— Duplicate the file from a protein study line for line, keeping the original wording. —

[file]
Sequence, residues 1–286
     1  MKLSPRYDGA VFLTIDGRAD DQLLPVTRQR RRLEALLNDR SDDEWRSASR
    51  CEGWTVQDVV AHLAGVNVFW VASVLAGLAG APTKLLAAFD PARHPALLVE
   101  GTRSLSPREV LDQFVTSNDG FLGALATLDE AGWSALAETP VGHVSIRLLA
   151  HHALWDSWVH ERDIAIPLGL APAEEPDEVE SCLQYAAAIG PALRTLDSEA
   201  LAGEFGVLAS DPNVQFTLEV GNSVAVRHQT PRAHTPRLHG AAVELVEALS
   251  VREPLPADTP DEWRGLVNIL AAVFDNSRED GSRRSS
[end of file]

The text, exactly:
Sequence, residues 1–286
     1  MKLSPRYDGA VFLTIDGRAD DQLLPVTRQR RRLEALLNDR SDDEWRSASR
    51  CEGWTVQDVV AHLAGVNVFW VASVLAGLAG APTKLLAAFD PARHPALLVE
   101  GTRSLSPREV LDQFVTSNDG FLGALATLDE AGWSALAETP VGHVSIRLLA
   151  HHALWDSWVH ERDIAIPLGL APAEEPDEVE SCLQYAAAIG PALRTLDSEA
   201  LAGEFGVLAS DPNVQFTLEV GNSVAVRHQT PRAHTPRLHG AAVELVEALS
   251  VREPLPADTP DEWRGLVNIL AAVFDNSRED GSRRSS